So technically it is a compliment. But it feels far from comforting to know that when we are their world, they stress so much when we swap their company for the reality of work, a shopping trip or a night away...
While there’s no doubt the last two years of more home time have heightened that dependence, at some stage we need to develop their home alone skills. And it is possible with some planning and patience. Just try to remember that the longer those separation anxiety signs have been around, the longer it may take to turn around…
Here are the classic calling cards of separation anxiety: - Whimpering - Repetitive barking (and often howling) - Pacing - Digging - Destruction - Toilet ‘accidents’
Importantly, none of this is your dog being deliberately ‘bad’. It’s just them trying to cope as best they can. Even if it means your favourite shoes, cushions, bag of gravel (thanks Buzz) or neighbours patience sometimes get a little frayed…
Ok let’s get started…
STEP ONE: Take a stroll. But only a stroll! Sure you’ve probably heard morning exercise is useful, but the key is actually the type. Anything too long or involving multiple intense interactions with other dogs can actually heighten their stress levels before you even truly begin the day. So keep it to a gentle walk (around 30 minutes is ideal…unless they’re a highly active dog who needs a run) remembering the key is to keep it all nice and calm.
STEP TWO: Your departure prep begins! It’s all about giving them the tools to cope with some alone time. And one of the most useful is supplements. But rather than using anything that ‘sedates’ them, my go-to is the amino acid called L-theanine which is derived from green tea. This is proven to promote calmness while reducing irritability and those worrying anxiety related signs. Thankfully, I use L-theanine in my Calm + Collected treats (and School Snacks for the little ones!) so you don't have to worry about sourcing it yourself. Just a few snacks at least 45 minutes before you leave will make a huge difference.
STEP THREE: Time for some self-soothing! So here’s the thing. Every dog is equipped with some instinctive coping mechanisms for moments like these. You just need to help them brush on these skills they’re actually born with and rarely use in real life. They’re called ‘self-soothing’ techniques (SST’s) and the key is identifying which one your pup has in their little kit bag by watching what toys or items of yours they seem drawn to when they’re stressed or bored.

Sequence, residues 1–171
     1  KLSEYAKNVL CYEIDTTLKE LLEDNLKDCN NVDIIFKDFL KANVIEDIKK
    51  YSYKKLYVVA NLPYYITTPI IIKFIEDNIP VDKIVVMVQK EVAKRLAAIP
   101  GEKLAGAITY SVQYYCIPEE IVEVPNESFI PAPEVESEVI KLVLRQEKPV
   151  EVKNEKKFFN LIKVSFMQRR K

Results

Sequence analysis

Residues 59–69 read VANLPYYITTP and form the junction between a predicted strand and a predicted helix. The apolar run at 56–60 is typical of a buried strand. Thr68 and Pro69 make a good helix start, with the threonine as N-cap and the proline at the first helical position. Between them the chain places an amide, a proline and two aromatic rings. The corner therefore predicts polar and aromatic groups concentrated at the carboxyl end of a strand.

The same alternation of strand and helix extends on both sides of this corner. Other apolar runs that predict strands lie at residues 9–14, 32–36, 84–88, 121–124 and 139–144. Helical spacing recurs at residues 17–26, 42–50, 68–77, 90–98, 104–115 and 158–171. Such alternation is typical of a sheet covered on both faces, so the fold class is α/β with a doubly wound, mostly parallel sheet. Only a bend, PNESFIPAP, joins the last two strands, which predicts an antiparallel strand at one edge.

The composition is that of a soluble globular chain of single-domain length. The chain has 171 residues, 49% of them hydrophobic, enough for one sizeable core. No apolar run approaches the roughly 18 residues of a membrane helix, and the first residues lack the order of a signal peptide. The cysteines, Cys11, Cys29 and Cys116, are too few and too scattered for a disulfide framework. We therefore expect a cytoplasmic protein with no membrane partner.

The three most common self-soothing techniques (SST) are: - Chewing - Licking - Sucking
You may even need to video them to work it out. But once you have their SST, you need to build up their soothing skills. If you have a chewer, try soft and hard textures (in chew toys) to see what they enjoy the most. If you have a licker or sucker, find a time occupying device (like a toy or mat) and a treat you can stuff it with. (Tip: Drool balls and School Snacks sticks do fit perfectly into Kongs)
Then, just before you leave, encourage them onto their SST in a place where they feel relaxed.
At first, only leave for 2 minutes. Then 5. And then 10 minutes. This is all about them learning to rely on AND develop their self-soothing skills. Just don’t make a big deal when you depart…and return.
Once those self-soothing skills do develop and the time apart can increase, 30 minutes for a coffee can easily build to a full day at work. The ideal result is that they sooth themselves to sleep. A little activity during the day is normal and positive. You'll often find that after wandering around looking for signs of you, they will return to their self-soothing if they feel lonely again.
Follow the steps in order and together, you might just conquer the most challenging of all furry family fears. This won't be easy on either of you. But the love will survive even with some time apart. But honestly, knowing they can at least relax without you is often the greatest gift of all. Good luck.